211209ind Clue

The University of Rhode Island Theatre Department’s production of “Clue: On Stage” finishes its run this weekend with shows tonight through Sunday in Kingston.

KINGSTON, R.I. — Based loosely on the board game of the same name, the University of Rhode Island’s production of “Clue: On Stage” is a testament to what can be achieved with a talented cast, a skilled technical crew and a wonderfully campy script. The show is filled to the brim with the twists and turns one would expect out of this sort of whodunit. “Clue: On Stage” is a must-see performance this holiday season.

Fans of the classic Parker Brothers board game will be delighted to see all the traditional characters gather for their night of murder and subterfuge. In this McCarthy-era twist on the game, characters such as Professor Plum and Mrs. Peacock are reimagined into disgraced Freudian psychiatrists and two-faced socialites respectively. The entire cast did a phenomenal job embodying their characters and portraying their incriminating idiosyncrasies — mixing the usual suspects from the game with the red scare politics of the 1950s.

While everyone from the main cast excels in their roles, the real stand-out character is the butler Wadsworth, played by actor Liam Roberts. His performance functionally carries the show as he repeatedly steals scenes from his cast mates.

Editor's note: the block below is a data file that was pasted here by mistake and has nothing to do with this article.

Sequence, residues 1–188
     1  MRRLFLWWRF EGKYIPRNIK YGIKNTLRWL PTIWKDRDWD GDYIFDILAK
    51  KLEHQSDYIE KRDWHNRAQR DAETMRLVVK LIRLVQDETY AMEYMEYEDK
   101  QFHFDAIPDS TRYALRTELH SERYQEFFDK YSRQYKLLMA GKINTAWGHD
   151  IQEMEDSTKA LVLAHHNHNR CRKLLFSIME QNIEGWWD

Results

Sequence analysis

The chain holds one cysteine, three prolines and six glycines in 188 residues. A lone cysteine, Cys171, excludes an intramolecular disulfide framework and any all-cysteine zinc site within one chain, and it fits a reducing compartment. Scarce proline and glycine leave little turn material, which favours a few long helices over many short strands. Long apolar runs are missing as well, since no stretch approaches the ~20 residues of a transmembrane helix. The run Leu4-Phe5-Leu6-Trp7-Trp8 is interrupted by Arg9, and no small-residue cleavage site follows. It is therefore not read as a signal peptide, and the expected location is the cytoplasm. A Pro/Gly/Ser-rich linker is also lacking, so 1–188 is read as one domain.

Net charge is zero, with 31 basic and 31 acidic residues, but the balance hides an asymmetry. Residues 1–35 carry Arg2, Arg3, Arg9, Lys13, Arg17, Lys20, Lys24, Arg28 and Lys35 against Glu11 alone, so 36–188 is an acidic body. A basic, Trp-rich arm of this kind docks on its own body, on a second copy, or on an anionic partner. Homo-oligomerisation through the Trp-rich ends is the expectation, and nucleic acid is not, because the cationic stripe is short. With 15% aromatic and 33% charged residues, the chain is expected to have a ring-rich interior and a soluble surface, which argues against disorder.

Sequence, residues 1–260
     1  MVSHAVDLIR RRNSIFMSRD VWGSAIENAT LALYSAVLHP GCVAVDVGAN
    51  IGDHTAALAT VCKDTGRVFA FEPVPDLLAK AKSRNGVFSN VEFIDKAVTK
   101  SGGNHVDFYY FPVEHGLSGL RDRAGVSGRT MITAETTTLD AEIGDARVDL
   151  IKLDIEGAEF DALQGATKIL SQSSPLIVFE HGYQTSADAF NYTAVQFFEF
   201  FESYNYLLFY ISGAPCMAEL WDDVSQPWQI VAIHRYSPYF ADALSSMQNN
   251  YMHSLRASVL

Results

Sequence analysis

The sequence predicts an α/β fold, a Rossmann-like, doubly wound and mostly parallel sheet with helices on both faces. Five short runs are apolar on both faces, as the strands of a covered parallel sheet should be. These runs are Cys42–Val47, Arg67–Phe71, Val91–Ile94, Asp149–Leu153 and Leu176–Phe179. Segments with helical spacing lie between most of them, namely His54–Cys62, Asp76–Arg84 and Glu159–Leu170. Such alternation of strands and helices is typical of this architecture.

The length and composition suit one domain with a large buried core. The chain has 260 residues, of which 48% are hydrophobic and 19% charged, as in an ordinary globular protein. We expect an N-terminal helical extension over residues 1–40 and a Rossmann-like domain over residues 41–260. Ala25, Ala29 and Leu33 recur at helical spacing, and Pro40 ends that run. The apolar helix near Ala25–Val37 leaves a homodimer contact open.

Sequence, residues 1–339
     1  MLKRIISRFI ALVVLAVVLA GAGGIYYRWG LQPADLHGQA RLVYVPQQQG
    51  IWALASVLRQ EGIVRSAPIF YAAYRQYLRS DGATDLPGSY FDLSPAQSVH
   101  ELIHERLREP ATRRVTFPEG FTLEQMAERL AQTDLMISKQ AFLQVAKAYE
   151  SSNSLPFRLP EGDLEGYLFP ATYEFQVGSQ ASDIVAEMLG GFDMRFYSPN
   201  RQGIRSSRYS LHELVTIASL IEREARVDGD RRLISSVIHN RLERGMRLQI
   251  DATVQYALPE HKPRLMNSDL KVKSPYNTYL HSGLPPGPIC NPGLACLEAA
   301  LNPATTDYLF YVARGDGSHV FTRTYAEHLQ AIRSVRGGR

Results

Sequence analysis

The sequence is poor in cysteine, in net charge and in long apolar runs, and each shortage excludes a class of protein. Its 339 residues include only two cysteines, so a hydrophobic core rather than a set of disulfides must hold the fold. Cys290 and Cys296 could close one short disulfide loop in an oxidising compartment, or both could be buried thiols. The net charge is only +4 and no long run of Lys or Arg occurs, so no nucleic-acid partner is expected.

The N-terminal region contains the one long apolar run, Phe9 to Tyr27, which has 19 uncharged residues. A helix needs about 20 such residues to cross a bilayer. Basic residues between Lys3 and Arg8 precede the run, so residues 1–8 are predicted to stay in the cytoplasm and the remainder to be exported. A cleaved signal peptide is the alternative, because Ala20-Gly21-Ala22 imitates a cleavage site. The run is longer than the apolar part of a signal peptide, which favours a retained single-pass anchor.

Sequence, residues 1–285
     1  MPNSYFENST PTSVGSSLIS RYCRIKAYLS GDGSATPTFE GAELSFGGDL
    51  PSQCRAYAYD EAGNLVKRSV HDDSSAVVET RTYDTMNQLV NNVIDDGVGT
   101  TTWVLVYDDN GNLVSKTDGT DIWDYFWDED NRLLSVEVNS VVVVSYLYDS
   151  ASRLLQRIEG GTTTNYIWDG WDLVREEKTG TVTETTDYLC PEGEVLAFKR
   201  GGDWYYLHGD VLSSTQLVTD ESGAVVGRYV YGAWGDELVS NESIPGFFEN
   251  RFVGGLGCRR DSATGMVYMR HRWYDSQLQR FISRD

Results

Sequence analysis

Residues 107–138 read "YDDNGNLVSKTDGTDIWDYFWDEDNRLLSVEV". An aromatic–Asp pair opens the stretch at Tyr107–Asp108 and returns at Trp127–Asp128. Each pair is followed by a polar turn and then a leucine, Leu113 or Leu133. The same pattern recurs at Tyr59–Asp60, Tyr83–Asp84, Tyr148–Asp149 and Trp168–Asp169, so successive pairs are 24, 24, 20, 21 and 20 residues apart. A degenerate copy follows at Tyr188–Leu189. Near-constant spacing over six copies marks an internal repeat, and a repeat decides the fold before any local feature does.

The technical achievement of this play should not be overlooked. The lighting, sound and set design work in conjunction to create an eerie and foreboding atmosphere, offset by the hammy script and comical acting. Dynamic lighting, dramatic sound effects and a moving set all combine to add an imposing scope to the mansion our characters find themselves confined to. More than once the Scooby-Doo-esque antics of the cast come to a screeching halt as the set delivers on some legitimately chilling moments.

The script — which was based on the screenplay by Jonathan Lynn and written by Sandy Rustin —serves as an homage to the classic mystery hi-jinks genre, mixed with the paranoia of the era of investigation into Communist Party members. Amidst the campy dialogue and humorous gags lies a reminder of a time in American history where it was dangerous to believe in the wrong causes. The script does an excellent job reminding audiences of the danger of suppressing free thought without taking away from the lighthearted nature of the play.

The story manages to keep the audience guessing throughout with hints and misdirects sprinkled in from start to finish. The final reveal is both satisfying and very much in keeping with the tone of the play without compromising on a logical conclusion.

The only major criticism of the play comes around the halfway point where the characters engage in a split up and search for clues montage that overstays its welcome. While there are a few moments of genuine humor throughout this tedious gag, much of the scene relies on a single joke that gets old quickly. This scene could have easily been trimmed and resulted in a far punchier play overall.

The university’s production of “Clue: On Stage” is a definite triumph for the theater department and is well worth the price of admission. Viewers still have a chance to see the play live this weekend Dec. 9 through 11 at 7:30 p.m. and Dec. 12 at 2 p.m.

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